If she does find a piece of jewelry at a pawn shop, the owner will have to set it aside and report it to the sheriff’s department, Calvert said.
The sheriff’s department will then check to see if it matches a description in the police report and give authorization for the pawn shop to sell it back to Calvert for whatever the pawn shop paid the person they bought it from.
“It’s going to be kind of a double edged pain there because even if I’m getting back something that was mine and that was stolen, I’m having to buy it back,” Calvert said. “And the money that I’m getting from the insurance company doesn’t even touch one page (of the value of the items in the police report).”
After filing a claim with her insurance agency, Calvert said she found out she was underinsured and would only receive $1,500 of coverage on everything.
“When she (my insurance agent) told me that, I just broke down and cried again because that won’t even touch one ring of valuation…well maybe one or two,” she said. “That’s why it’s so important to keep communication with your insurance agent if you have your homeowners insurance and you come into an inheritance of jewelry and precious things like that.”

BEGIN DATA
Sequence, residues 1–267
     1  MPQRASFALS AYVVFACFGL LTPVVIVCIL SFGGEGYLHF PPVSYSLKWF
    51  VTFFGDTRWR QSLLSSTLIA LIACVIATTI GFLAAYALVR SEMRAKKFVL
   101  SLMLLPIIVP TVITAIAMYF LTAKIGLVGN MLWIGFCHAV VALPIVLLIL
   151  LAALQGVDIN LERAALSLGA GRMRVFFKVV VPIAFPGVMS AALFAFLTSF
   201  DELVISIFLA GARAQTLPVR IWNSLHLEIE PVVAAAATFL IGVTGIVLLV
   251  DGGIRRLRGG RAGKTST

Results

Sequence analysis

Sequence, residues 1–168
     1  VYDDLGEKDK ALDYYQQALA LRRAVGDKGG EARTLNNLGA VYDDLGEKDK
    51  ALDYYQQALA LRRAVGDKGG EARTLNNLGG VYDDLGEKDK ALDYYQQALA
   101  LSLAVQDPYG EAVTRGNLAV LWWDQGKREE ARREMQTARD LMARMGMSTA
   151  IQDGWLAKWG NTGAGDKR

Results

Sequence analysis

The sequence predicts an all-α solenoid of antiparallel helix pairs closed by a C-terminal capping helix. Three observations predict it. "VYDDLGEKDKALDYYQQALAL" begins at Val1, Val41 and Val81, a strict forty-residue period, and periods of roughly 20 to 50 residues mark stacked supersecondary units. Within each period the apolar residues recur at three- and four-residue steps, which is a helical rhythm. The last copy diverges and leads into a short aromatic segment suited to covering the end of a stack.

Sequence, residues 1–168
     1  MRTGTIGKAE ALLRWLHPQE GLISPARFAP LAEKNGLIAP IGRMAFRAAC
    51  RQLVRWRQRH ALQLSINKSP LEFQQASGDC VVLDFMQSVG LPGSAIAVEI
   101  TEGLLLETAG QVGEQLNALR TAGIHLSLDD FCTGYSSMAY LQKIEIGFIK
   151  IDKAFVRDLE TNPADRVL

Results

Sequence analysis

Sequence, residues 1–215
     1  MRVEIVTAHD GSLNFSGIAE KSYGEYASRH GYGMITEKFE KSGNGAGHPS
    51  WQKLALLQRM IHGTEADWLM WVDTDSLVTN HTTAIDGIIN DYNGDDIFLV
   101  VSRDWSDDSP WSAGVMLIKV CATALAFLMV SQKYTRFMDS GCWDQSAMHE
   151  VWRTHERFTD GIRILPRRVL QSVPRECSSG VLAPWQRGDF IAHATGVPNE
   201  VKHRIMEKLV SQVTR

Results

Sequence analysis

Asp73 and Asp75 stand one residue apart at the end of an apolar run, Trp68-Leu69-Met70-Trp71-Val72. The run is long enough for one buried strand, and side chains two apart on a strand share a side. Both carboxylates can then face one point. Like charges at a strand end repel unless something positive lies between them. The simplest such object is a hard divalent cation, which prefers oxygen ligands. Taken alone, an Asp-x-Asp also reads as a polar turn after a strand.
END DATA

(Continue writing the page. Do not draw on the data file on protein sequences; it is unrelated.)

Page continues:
Several other burglaries have occurred in the area over the last six months, said Sergeant Mark Machanic of the Los Angeles County Sheriff’s Department.
Because jewelry was stolen from the other homes as well, Sgt. Machanic said they are trying to determine if they are related to this one.
There have been no witnesses to any of these robberies, so it’s been difficult for the team to pursue any leads, he said.